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East River Water Trail proposal shows community well-being in action

The sound of birds chirping, the splish splash of water, and warmth from the summer sun. Paddling down the East River, one might forget that you’re in Brown County. Yet, an abundance  of fresh waterways are one of our community’s greatest assets. There is a growing movement to make sure the habitats of the East River are maintained and recreation on it as a water trail is possible for people of all ages, abilities and backgrounds. 

So, let’s go “upstream” a bit to understand what a water trail is, review the current working plan, and learn how you can get involved.

What is a water trail? Think about it like a hiking trail on the water. Water trails feature access and launch points that are open to the public and able to be used by people of varying ages and physical abilities. The water trail would be a place where friends meet, families create memories, and our natural environment thrives. That’s a win-win-win.

A group of local kayakers had been paddling the East River and recognized the need to improve water quality, remove fallen trees and debris, and habitat restoration. Like all good grassroots, community-led efforts, this group started asking questions, doing some research, and getting more people involved. They connected to local nonprofit organizations, municipal leaders, and Brown County government to find out what was possible. This led to the creation of a local coalition that includes resident champions, Village of Allouez, Brown County Land and Water Conservation, Bellevue Department of Parks, Recreation, and Forestry, Ledgeview Parks Department, The Nature Conservancy, Brown County Chapter of the Izaak Walton League, the Fox-Wolf Watershed Alliance, and Wello.  

What’s the current plan? The proposed East River Water Trail would run next to the existing paved trail and be open to non-motorized recreation such as kayaks and canoes while surrounded by the beauty of nature. The water trail project has two core pillars. The first is about water quality improvements and habitat restoration. The second is the addition of inclusive kayak launch sites to promote recreation and care for the natural environment. These two elements are not only core to the project, they represent building blocks to strengthening our community and overall well-being.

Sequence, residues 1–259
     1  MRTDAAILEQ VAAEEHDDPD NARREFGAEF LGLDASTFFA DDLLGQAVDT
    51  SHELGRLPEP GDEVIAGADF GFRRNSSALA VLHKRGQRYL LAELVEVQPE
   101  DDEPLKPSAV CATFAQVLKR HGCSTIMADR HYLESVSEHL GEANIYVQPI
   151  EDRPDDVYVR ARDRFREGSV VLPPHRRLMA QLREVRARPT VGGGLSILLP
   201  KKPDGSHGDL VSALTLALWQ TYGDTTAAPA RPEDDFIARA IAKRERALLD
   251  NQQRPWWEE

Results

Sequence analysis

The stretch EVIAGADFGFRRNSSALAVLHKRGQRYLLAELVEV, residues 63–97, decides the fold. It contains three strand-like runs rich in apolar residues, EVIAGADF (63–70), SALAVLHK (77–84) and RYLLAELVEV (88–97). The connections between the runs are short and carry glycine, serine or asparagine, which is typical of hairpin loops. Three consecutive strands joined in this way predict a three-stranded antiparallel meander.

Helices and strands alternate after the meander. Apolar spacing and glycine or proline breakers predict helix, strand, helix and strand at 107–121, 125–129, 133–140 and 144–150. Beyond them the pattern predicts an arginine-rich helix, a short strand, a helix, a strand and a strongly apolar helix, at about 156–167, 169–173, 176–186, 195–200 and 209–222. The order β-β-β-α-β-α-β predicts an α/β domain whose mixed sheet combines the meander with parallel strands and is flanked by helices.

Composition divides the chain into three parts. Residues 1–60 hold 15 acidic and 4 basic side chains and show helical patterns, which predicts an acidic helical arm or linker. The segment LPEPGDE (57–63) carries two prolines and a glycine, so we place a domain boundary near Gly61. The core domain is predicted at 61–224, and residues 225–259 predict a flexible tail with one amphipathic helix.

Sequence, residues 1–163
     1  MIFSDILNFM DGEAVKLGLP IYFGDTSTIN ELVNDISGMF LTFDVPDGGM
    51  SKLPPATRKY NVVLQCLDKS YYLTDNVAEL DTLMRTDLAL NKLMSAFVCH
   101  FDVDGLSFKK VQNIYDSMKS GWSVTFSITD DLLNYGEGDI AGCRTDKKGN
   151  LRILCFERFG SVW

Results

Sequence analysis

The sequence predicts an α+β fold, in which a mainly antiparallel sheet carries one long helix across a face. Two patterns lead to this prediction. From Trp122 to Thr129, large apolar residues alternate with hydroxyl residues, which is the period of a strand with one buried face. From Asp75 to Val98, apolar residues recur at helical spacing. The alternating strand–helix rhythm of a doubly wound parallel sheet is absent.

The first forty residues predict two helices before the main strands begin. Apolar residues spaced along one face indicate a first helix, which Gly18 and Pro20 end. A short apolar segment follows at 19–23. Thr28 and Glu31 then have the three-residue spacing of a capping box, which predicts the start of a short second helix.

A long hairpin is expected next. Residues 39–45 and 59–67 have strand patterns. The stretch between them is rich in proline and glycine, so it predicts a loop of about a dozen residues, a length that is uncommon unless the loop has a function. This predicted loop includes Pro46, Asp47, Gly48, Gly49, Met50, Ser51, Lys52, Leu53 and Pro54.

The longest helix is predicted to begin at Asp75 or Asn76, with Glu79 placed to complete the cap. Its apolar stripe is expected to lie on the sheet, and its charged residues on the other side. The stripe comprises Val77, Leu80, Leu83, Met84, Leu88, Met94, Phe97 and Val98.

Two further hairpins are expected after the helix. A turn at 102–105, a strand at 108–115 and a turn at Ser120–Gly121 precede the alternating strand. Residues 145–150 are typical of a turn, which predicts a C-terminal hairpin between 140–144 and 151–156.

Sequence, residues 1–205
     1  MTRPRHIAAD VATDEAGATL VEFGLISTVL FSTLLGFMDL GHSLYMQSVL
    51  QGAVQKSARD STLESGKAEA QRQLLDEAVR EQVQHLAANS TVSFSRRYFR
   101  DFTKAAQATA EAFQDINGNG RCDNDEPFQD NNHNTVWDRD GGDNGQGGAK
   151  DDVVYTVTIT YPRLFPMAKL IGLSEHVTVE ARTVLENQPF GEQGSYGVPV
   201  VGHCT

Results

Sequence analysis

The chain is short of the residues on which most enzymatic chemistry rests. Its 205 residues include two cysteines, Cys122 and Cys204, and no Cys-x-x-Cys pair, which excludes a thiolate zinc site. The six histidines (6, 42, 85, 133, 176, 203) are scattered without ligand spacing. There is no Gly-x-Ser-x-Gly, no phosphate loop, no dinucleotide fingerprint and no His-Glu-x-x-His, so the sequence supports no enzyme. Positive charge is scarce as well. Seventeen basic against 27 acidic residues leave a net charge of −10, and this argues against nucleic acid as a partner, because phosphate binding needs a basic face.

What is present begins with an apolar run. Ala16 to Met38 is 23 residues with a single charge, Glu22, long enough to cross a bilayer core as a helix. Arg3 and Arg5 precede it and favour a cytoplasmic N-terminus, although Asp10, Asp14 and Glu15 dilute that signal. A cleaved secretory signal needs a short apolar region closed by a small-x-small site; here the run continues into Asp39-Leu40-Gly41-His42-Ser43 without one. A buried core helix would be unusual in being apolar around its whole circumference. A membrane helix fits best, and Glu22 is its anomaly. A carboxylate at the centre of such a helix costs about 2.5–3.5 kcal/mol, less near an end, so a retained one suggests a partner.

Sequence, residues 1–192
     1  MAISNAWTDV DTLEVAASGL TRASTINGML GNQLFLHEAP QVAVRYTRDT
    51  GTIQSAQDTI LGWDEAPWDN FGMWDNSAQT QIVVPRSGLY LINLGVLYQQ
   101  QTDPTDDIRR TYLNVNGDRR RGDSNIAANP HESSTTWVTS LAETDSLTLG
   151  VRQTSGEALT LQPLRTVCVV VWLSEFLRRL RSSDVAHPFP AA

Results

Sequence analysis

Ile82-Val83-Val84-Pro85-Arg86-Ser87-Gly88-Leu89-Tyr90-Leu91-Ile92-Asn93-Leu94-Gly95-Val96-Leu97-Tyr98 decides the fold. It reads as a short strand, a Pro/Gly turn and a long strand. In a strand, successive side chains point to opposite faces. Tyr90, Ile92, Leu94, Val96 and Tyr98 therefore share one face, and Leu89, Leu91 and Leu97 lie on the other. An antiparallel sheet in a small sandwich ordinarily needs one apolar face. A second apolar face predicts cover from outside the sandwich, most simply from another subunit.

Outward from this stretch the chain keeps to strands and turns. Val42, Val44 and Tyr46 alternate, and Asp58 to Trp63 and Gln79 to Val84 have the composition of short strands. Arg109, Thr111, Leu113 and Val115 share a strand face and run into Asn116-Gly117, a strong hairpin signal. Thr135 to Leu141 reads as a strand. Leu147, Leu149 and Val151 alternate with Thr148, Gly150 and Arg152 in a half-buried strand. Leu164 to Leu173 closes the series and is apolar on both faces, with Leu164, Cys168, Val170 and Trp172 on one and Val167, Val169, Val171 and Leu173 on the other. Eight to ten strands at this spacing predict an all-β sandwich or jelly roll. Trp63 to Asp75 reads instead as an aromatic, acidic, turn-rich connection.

In May, this community coalition brought forward a proposal to the Brown County Land Conservation Sub Committee to catalyze efforts to improve water quality of the East River with $500,000 of American Rescue Plan Act (ARPA) funds. Thanks to the future-thinking committee members, this funding request for the environmental improvements was approved at the committee level! 

“Installing additional kayak launches, controlling invasive species and replanting natives, creating instream fish habitat and controlling bank erosion will provide great environmental and recreational benefits to Brown County residents,” said Michael Mushinski of Brown County Land and Water Conservation Department. 

This work would concentrate on the portion of the East River running through Bellevue, Allouez, De Pere, and Ledgeview.  

What’s next? The next immediate step is for final approval from the full Brown County Board of Supervisors. The coalition is also now focusing on identifying additional funding sources to add the second pillar: recreation opportunities through the addition of accessible kayak launches to create the water trail. Through local partnerships, we are identifying locations of interest and building-out cost estimates for what will be needed to establish and maintain the launches. 

It starts small. It starts locally. It can start with you. This project is one example of getting involved where you live to build a culture of health. We welcome you to join us!

This story ran as our June Green Bay Press-Gazette column.

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